Architectural Digest: Americans Need Home Design That Welcomes Everyone

The needs of the modern home—and the abilities of its residents—are increasingly varied, a fact that the contemporary housing market has yet to reflect Twenty years ago, Rosemarie Rossetti ran a small publishing business with her husband, Mark Leder, in the basement of their two-story home in Columbus, Ohio, and spent weekends hiking and playing… [Read More]

Making Homes Visitable: A Guide for Wheelchair Users and Hosts

Source: Research & Training Center on Independent Living Can Grandma, who uses a walker, still attend the family Thanksgiving dinner? Can the friend who sustained a spinal cord injury in military service and now uses a wheelchair join the party to watch the big game? “Making Homes Visitable” (PDF) provides information about making homes visitable by people… [Read More]

Mandating Visitability for New Housing is a No-Brainer

By Patricia Morrissey & David Leake for the Center for Disability Studies Wheelchair users often find it impossible to make visits to the many homes that cannot be entered with wheelchairs. The idea of “visitable” housing has therefore been promoted to address this problem and prevent the social isolation it may bring. Visitable homes have… [Read More]

HGTV: ‘Visitability’ Makes Homes Accessible

Improving access for all makes sense, builders and remodelers say. There’s a new word in the vocabulary of builders and remodelers: visitability. This word denotes a concept that significantly differs from the whole-home design principles that have been variously labeled accessible housing, universal design or adaptable housing. These more familiar terms are used for homes… [Read More]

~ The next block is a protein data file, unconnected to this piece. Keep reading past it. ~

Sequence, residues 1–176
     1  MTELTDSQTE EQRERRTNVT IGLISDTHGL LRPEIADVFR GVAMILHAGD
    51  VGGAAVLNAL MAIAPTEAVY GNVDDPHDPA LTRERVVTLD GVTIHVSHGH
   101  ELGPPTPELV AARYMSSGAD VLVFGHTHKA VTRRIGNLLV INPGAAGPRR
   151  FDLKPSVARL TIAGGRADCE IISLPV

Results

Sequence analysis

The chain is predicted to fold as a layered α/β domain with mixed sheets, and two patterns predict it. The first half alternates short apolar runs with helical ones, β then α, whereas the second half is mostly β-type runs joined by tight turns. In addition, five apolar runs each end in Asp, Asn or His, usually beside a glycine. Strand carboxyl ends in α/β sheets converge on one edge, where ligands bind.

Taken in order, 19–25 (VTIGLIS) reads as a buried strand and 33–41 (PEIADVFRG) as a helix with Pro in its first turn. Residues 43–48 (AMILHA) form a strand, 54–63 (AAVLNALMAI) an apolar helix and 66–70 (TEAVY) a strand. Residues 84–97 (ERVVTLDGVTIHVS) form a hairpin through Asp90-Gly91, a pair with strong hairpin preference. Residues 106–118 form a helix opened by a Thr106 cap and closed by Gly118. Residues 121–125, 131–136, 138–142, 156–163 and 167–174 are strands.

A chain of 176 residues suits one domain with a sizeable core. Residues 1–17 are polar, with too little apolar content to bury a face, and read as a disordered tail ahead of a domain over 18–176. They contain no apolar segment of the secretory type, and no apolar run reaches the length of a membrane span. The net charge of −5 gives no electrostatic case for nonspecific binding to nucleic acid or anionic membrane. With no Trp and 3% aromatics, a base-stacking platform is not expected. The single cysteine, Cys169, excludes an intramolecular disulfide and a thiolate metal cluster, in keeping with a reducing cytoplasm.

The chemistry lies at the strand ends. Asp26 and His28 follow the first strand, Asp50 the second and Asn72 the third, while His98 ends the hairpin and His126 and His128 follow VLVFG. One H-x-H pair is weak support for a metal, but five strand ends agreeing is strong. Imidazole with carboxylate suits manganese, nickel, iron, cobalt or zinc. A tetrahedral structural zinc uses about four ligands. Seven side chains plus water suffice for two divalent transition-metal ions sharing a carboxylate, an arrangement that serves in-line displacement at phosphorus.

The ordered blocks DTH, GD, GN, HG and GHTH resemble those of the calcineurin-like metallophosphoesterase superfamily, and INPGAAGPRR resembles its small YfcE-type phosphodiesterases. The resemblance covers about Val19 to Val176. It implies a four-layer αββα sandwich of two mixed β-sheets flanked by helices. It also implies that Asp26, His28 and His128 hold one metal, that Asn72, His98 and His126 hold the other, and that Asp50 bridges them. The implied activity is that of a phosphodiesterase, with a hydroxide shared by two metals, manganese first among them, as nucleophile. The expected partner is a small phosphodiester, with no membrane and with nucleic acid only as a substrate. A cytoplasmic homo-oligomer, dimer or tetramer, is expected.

Builder: Understanding the Need for Accessible Home Design

According to a report issued this month by the Harvard Joint Center for Housing Studies, fewer than 4% of existing U.S. homes have features that allow for easy wheelchair access, including entryways without stairs, wide hallways and doors, and a first-floor bathroom. At the same time, one in three U.S. households is projected to be… [Read More]

Baltimore Sun: With aging population, a gap in home design

Suzanne and Dan Swisher started looking for a new house a few years ago. With their children grown, they were ready to downsize to a place where they could live for the rest of their lives. But Suzanne had to visit most of the homes and models on her own. Dan, whose spinal cord was… [Read More]

Builder: 75% of Baby Boomers Unready to Age in Their Homes

HomeAdvisor was out Monday with its annual report on Aging in Place. What it found is not surprising: many baby boomers do not think of themselves as old and pay little heed to the notion of aging, wherever that may happen. But there is good reason for them to do so, and builders can play… [Read More]

Back Home in Indiana Alliance: ‘Visitability’ moves from a new idea to an important trend in Indiana

INDIANAPOLIS — “Visitability” is not just a nice idea. In more and more Indiana communities it’s becoming a common practice due to advocacy and community education by not-for-profit groups like the Back Home in Indiana Alliance and Centers for Independent Living. “Visitability” is a term to describe housing that can be visited by people who… [Read More]

LIVESMART Design: “Visitability” – a way of thinking about aging and design

By Carolyn Cook with LiveSmart Design in Charlotte, NC for Davidson Committee on Aging, 2011 As the population ages and faces a greater number of physical disabilities, housing and community development must be re-examined.  Visitability is an affordable, sustainable and inclusive design approach for integrating basic accessibility features into all newly built homes and housing…. [Read More]

Builders: Cincinnati may be model on ‘visitability’

A National Association of Home Builders official said Cincinnati’s efforts to promote “visitability” concepts in new single-family home construction could be a national model for builders